The 2009 H1N1 influenza A pandemic has offered clinicians invaluable experience. From now on there is a need to be fully prepared for pandemics through effective application of the rapid antigen test, real-time PCR and rapid diagnoses, systematic treatments and vaccinations.

References

1. Hwang Y, Kim K, Lee M. Evaluation of the efficacies of rapid antigen test, multiplex PCR, and real-time PCR for the detection of a novel influenza A (H1N1) virus. Korean J Lab Med 2010;30:147–152.
crossref pmid
2. Noh JY, Yim SY, Heo JY, Choi WS, Song JY, Cheong HJ, et al. Epidemiological and clinical characteristics of pandemic influenza (H1N1 2009). Infect Chemother 2010;42:69–75.
crossref
3. Novel Swine-Origin Influenza A (H1N1) Virus Investigation Team. Dawood FS, Jain S, Finelli L, Shaw MW, Lindstrom S, et al. Emergence of a novel swine-origin influenza A (H1N1) virus in humans. N Engl J Med 2009;360:2605–2615.
crossref pmid
4. Reddy D. Responding to pandemic (H1N1) 2009 influenza: the role of oseltamivir. J Antimicrob Chemother 2010;65(Suppl 2): ii35–ii40.
crossref pmid pmc
5. Choi YJ, Nam HS, Park JS, Kim HJ, Park KB, Jeon MH, et al. Comparative analysis of the multiple test methods for the detection of pandemic influenza A/H1N1 2009 virus. J Microbiol Biotechnol 2010;20:1450–1456.
crossref pmid
6. Sandora TJ, Smole SC, Lee GM, Chung S, Williams L, McAdam AJ. Test characteristics of commercial influenza assays for detecting pandemic influenza A (H1N1) in children. Pediatr Infect Dis J 2010;29:261–262.
crossref pmid
7. Kim YK, Kim HY, Uh Y, Chun JK. Detection rate of rapid antigen test for pandemic influenza A (H1N1 2009). Infect Chemother 2010;42:95–98.
crossref
8. Vasoo S, Stevens J, Singh K. Rapid antigen tests for diagnosis of pandemic (swine) influenza A/H1N1. Clin Infect Dis 2009;49:1090–1093.
crossref pmid pmc
9. Centers for Disease Control and Prevention (CDC). Evaluation of rapid influenza diagnostic tests for detection of novel influenza A (H1N1) Virus-United States, 2009. MMWR Morb Mortal Wkly Rep 2009;58:826–829.
pmid
10. Sullivan SJ, Jacobson RM, Dowdle WR, Poland GA. 2009 H1N1 influenza. Mayo Clin Proc 2010;85:64–76.
crossref pmid pmc
11. Cheng XD, Yuan Q, Yue QH, Zheng QB, Ma YY, Yang BC, et al. Evaluation of a new rapid influenza A diagnostic test for detection of pandemic (H1N1) 2009 and seasonal influenza A virus. J Clin Virol 2011;50:153–155.
crossref pmid
12. Kwon D, Shin K, Kwon M, Oh HB, Kang C, Lee JY. Development and evaluation of a rapid influenza diagnostic test for the pandemic (H1N1) 2009 influenza virus. J Clin Microbiol 2011;49:437–438.
crossref pmid
13. Boivin G, Hardy I, Tellier G, Maziade J. Predicting influenza infections during epidemics with use of a clinical case definition. Clin Infect Dis 2000;31:1166–1169.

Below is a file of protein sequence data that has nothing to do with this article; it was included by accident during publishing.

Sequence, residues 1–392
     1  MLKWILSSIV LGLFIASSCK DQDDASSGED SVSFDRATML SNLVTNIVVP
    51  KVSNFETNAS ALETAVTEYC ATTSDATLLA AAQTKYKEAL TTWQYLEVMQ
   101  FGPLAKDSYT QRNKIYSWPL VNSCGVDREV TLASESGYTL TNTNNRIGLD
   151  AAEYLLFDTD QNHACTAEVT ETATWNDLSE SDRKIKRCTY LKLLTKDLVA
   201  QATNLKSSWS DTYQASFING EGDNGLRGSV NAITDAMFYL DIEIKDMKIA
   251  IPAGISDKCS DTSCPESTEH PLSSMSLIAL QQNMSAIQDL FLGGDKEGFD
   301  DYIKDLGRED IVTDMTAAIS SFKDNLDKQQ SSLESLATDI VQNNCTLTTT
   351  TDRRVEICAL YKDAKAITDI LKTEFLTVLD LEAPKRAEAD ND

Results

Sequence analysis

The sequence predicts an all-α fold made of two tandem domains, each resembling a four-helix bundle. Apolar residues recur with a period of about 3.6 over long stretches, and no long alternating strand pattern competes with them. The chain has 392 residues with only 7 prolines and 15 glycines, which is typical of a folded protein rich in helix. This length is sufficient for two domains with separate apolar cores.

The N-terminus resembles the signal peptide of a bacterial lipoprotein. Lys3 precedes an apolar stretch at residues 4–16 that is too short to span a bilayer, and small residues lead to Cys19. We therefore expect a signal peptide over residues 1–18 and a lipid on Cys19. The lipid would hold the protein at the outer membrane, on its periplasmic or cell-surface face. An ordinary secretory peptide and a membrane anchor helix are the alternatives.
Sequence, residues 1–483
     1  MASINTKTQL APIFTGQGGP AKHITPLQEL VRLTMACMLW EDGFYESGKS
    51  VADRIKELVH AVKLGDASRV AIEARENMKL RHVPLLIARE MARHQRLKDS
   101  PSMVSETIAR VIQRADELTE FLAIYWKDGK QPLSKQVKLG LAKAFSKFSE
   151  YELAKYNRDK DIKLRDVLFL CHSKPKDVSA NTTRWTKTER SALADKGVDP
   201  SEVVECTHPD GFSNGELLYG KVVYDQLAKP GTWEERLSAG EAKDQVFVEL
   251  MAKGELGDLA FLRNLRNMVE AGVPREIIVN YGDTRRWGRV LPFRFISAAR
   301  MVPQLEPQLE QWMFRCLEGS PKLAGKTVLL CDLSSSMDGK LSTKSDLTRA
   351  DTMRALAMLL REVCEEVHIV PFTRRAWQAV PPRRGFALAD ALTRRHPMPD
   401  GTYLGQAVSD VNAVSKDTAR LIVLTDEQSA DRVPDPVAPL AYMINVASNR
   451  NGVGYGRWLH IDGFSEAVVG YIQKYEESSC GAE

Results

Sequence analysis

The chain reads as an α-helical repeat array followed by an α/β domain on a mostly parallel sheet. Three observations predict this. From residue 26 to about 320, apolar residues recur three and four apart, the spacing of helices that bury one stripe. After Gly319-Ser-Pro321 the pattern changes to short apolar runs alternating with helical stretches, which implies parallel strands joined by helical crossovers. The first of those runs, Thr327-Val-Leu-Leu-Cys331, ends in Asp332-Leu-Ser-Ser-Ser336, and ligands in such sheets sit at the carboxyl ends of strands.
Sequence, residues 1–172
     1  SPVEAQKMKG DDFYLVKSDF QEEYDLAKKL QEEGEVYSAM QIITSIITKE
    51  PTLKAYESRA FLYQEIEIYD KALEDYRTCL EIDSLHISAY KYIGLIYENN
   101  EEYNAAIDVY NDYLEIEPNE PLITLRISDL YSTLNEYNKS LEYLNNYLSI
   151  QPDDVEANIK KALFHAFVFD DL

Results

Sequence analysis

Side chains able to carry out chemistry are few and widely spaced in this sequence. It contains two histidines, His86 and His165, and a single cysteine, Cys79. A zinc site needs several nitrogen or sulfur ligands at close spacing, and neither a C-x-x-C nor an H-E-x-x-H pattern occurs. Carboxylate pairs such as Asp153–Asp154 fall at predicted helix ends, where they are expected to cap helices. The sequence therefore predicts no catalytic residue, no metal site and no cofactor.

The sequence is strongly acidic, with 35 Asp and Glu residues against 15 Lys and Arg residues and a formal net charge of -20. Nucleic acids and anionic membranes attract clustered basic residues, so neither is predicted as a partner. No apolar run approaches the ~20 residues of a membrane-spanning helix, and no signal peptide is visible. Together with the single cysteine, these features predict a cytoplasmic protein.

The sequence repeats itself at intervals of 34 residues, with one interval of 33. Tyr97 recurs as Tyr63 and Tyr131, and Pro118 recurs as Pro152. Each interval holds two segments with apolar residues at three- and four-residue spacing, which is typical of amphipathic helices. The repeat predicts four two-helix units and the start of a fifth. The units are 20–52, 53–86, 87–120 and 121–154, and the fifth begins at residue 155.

crossref pmid
14. Monto AS, Gravenstein S, Elliott M, Colopy M, Schweinle J. Clinical signs and symptoms predicting influenza infection. Arch Intern Med 2000;160:3243–3247.
crossref pmid
15. Zambon M, Hays J, Webster A, Newman R, Keene O. Diagnosis of influenza in the community: relationship of clinical diagnosis to confirmed virological, serologic, or molecular detection of influenza. Arch Intern Med 2001;161:2116–2122.
crossref pmid
16. Drexler JF, Helmer A, Kirberg H, Reber U, Panning M, Müller M, et al. Poor clinical sensitivity of rapid antigen test for influenza A pandemic (H1N1) 2009 virus. Emerg Infect Dis 2009;15:1662–1664.
crossref pmid pmc
17. Lee JY, Kee H, Joo SI, Park SS, Kim EC. Comparision of rapid antigen test for diagnosis of pandemic influenza A (H1N1) 2009. Infect Chemother 2009;41(Suppl 2): S275

18. Heo JY, Noh JY, Jo YM, Choi WS, Song JY, Jim WJ, et al. Clinical usefulness of a rapid antigen test for novel influenza A (H1N1) virus. Infect Chemother 2009;41(Suppl 2): S198

19. World Health Organization. Human infection with new influenza A (H1N1) virus: clinical observations from Mexico and other affected countries, May 2009. Wkly Epidemiol Rec 2009;84:185–189.
pmid
20. Writing Committee of the WHO Consultation on Clinical Aspects of Pandemic (H1N1) 2009 Influenza. Bautista E, Chotpitayasunondh T, Gao Z, Harper SA, Shaw M, et al. Clinical aspects of pandemic 2009 influenza A (H1N1) virus infection. N Engl J Med 2010;362:1708–1719.
crossref pmid
Fig. 1
Frequency of presenting symptoms in hospitalized patients with confirmed 2009 H1N1 influenza A infection.
kjped-54-405-g001.jpg
Fig. 2
Frequency of symptom presentation in patients with confirmed 2009 H1N1 influenza A hospitalized from September 2009 to January 2010 (n=78). Abd., abdominal.
kjped-54-405-g002.jpg
Table 1
Patients Diagnosed with the 2009 H1N1 Influenza A Virus from September 2009 to January 2010 According to Age
kjped-54-405-i001.jpg
Table 2
Comparison of Rapid Antigen Test Results with Real-Time Polymerase Chain Reaction (PCR) Test Results for the Detection of the 2009 H1N1 Influenza A Virus
kjped-54-405-i002.jpg
METRICS Graph View
  • 4 Crossref
  • 4 Scopus
  • 5,127 View
  • 39 Download